What is Love?

Coal Ridge Church

One of my favorite chapters in the Bible is first Corinthians 13. This is the “love is patient, love is kind” chapter that has become synonymous with marriage. Marcy and I even have a large plaque that reads “And the greatest of these is love” in reference to one of the verses.
I went back to reread this chapter in my favorite Bible, one that I have had for nearly 30 years. In this one, it uses a lot of the old language and the word “love” in Corinthians 13 is replaced with “charity”. Reading the chapter, with that word, made things a little more clear to me as to what God is telling us to do here.
But first, some background on first Corinthians. This book of the Bible is Paul’s letter to the Corinthians. He spells out God’s expectations, what we should and should not do, as well as the story of Jesus and what it means to be of the church. It’s kind of like the cliff notes college kids use to avoid reading one of the classics, in that it gets more to the point of things in fewer words.
In chapter 13, Paul begins with “I can be a sounding brass or a tinkling cymbal. With faith, we can move mountains, without charity – LOVE – we are nothing.” More on what that symbolism means later.
What Paul’s telling us is that we can give to the poor, sacrifice ourselves and try to do all the good in the world we can, but if we don’t do it for the right reasons, it’s all for naught. God doesn’t want us to do these things for the recognition, kudos or for any reason other than it’s the right thing to do. Performing acts like this to fulfill God’s will and purpose for us is we, as Christians, truly being the embodiment of Christ on Earth.
Of course, from there, we go on to one of the most common verses known to wedding officiants.
“Love is patient, love is kind. It does not envy, it does not boast, it is not proud.”
Paul is saying we need to do things out of genuine love for one another – not out of any kind of obligation.
What better metaphor for this exists than marriage? Family? Friendship?
Sure, here in America, a marriage is a binding contract that obligates the spouses to be there for one another, but that’s not why you do the things you do. It’s not out of obligation that you share your home, your heart and your life with your spouse – you do it because you love that person. The same can be applied to anyone we take care of; you’re doing it out of love.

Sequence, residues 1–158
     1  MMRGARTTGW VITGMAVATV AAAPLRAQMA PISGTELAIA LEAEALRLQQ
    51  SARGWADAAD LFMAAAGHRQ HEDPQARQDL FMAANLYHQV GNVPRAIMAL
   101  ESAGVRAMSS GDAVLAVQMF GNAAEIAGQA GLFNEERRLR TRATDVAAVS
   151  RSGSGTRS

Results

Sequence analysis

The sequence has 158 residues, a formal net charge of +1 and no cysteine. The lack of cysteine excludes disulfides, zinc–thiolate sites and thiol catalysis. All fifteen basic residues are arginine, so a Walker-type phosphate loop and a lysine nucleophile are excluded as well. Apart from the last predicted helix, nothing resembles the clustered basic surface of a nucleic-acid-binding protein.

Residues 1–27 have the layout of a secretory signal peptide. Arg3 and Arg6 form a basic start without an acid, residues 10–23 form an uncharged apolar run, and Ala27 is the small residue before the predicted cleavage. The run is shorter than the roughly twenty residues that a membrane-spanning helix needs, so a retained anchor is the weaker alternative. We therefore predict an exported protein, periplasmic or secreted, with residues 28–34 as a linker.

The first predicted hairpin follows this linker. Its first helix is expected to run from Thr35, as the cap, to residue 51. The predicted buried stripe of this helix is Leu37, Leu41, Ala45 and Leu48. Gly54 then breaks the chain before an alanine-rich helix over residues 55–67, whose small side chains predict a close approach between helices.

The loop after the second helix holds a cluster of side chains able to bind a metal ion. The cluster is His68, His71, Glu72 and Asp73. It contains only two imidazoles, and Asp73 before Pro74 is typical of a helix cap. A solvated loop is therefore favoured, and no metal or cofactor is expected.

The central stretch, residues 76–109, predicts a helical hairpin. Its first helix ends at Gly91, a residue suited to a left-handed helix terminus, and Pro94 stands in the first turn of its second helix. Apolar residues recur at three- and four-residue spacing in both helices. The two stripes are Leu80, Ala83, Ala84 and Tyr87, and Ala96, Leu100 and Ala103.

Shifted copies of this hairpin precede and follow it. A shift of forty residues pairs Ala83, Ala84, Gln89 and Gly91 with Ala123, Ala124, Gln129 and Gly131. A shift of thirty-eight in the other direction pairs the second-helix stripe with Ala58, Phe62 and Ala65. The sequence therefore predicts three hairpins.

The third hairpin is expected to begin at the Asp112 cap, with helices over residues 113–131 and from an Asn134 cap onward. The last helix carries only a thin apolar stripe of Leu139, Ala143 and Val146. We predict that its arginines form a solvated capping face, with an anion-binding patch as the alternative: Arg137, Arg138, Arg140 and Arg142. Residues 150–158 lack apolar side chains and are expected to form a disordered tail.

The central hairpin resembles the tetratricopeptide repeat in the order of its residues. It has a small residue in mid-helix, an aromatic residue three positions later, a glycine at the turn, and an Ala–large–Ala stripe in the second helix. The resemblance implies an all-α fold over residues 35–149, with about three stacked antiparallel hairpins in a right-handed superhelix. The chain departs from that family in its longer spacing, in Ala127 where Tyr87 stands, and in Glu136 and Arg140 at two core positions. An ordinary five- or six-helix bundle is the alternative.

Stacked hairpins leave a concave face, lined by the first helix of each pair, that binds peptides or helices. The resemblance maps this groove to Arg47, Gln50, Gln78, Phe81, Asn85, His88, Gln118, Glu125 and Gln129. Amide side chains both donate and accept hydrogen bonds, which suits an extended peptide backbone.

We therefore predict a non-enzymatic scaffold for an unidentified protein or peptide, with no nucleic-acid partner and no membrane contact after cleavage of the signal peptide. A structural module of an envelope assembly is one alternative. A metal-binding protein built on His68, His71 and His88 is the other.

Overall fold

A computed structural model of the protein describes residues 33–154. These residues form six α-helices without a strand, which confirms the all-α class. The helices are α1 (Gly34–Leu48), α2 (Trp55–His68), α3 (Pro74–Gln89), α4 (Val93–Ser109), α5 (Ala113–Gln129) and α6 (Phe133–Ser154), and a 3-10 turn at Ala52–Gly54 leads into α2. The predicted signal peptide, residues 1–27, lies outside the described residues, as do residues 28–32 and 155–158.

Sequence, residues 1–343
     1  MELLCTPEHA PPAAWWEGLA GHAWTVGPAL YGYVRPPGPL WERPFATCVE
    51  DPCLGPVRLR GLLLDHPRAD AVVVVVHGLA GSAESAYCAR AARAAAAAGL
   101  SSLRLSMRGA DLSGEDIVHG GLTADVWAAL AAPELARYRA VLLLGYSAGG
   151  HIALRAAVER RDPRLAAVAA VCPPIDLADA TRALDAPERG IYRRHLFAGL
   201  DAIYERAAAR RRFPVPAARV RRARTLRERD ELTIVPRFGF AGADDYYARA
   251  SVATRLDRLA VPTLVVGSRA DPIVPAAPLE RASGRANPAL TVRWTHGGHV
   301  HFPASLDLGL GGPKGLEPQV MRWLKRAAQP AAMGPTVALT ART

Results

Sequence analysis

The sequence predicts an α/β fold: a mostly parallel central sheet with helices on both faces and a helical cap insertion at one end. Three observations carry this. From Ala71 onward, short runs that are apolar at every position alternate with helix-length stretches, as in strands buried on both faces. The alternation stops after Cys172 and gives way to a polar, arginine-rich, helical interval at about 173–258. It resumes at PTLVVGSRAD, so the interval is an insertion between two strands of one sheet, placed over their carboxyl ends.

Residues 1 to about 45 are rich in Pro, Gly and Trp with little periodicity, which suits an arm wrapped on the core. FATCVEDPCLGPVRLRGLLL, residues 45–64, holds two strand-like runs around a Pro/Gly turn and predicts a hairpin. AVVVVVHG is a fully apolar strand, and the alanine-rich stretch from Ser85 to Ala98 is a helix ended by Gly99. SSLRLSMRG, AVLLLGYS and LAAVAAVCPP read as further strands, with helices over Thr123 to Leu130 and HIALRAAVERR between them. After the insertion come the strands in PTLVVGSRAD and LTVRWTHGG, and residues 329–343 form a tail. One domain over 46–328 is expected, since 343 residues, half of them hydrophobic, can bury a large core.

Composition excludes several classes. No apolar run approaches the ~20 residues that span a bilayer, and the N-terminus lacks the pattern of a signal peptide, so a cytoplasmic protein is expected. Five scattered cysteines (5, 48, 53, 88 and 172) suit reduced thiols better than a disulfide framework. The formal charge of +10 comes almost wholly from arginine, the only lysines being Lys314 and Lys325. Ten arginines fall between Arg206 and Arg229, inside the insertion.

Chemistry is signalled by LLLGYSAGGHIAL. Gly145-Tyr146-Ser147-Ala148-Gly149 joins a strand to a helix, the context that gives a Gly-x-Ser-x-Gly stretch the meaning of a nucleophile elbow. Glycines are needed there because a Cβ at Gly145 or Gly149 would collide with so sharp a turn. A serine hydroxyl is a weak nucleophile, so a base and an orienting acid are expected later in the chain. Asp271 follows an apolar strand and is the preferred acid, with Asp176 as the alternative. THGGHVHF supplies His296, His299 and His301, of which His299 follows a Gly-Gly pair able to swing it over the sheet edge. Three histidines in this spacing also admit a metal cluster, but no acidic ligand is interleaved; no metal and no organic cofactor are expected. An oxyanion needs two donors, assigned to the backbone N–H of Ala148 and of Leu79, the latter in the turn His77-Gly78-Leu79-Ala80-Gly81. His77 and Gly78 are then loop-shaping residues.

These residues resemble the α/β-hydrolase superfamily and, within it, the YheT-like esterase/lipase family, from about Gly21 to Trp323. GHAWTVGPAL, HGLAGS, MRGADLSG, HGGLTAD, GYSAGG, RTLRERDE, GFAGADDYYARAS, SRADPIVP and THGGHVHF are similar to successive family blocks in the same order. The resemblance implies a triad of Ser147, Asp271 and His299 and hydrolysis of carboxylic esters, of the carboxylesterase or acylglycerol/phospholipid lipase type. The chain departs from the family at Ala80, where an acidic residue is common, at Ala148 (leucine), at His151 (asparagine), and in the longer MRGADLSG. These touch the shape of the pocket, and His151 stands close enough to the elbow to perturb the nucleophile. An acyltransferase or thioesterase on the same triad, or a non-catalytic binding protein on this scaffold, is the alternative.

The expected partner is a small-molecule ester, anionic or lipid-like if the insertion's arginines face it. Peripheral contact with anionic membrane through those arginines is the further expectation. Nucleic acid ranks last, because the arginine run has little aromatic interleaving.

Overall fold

The things you do for those you care for should be done for the same reason. For example, I make Marcy breakfast when I can because I love her. This is where I fall short of the “boastful” and “patient” portions. I always ask her if she enjoyed it. I sometimes ask, when I perform some housework, if she notices, because I like to hear the kudos. I like to know she appreciates the effort. I know I shouldn’t, but I’m only human.
All of us humans can get easily discouraged when we do good and struggle to see the impact or return. But remember – we’re doing these things out of love and for the glory of God. We don’t do these things to “puff ourselves up” – in fact, my Bible even uses the phrase “puffed up.”
The same can be said for marriage. Unlike most sitcoms focused on the writers’ warped view of “marriage” it is not a competition with a winner or loser. We need to honor our spouses and by doing so, we honor the Lord. When we honor our friends, family and neighbors, we honor the Lord.
And we should never expect earthly rewards for what we do. Within the family, you’ve already been rewarded, because those people are in your life. We all have the joy of being in each other’s lives and each other’s friendship – even if we only gather together once a week.
Paul goes on to say love honors, keeps no record of wrongs, nor does it delight in evil, but rejoices in the truth. We all know from John 14:6 that Jesus is the way, the truth and the life. We must rejoice in Jesus, whether as a couple or a congregation. Honesty is how we can do that.
No record of wrongs? I know this one is hard to do, because we all get into arguments and need ammunition for them.